Brooks Brothers files for bank­ruptcy, clos­ing more than 25% of stores

Chicago Sun-Times - - BUSINESS - BY JOSEPH PISANI AND MATT OTT AP Business Writ­ers

NEW YORK — Brooks Brothers, the 200-year-old com­pany that dressed nearly ev­ery U.S. pres­i­dent, filed for bank­ruptcy pro­tec­tion Wed­nes­day, the lat­est ma­jor cloth­ing seller to be top­pled by the pan­demic.

Founded in New York in 1818, Brooks Brothers sur­vived two world wars, the Great De­pres­sion and even man­aged to stay afloat as dress stan­dards eased in the of­fice. But the pan­demic pushed it into Chap­ter 11 bank­ruptcy pro­tec­tion.

Brooks Brothers will per­ma­nently close more than a quar­ter of its 200 stores. It said Wed­nes­day that it will con­tinue op­er­a­tions as it re­struc­tures and is look­ing to re­open shops that are not be­ing closed per­ma­nently. The com­pany em­ployed 4,000 peo­ple in March, be­fore it fur­loughed about a third of its work­ers.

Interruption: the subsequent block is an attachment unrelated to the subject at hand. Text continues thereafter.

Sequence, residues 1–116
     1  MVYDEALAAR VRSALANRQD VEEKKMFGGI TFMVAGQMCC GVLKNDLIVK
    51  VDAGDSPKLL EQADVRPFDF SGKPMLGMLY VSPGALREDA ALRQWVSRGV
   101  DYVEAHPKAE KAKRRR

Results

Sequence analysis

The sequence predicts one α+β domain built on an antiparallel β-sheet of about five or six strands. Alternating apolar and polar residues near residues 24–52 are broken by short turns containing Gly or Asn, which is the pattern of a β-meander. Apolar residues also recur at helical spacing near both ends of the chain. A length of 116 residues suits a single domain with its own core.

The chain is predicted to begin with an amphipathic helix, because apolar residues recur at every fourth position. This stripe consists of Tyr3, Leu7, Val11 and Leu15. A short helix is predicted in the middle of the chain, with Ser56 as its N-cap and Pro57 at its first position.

Jonathan Paster­nak, a bank­ruptcy lawyer at David­off Hutcher & Citron, said that even be­fore the pan­demic, Brooks Brothers’ store ex­pan­sion and the cost of mak­ing clothes in the U.S. had cre­ated a fi­nan­cial bur­den, but he does not be­lieve the com­pany will dis­ap­pear.

“The good thing about Brooks Brothers: It’s a very strong brand,” he said.

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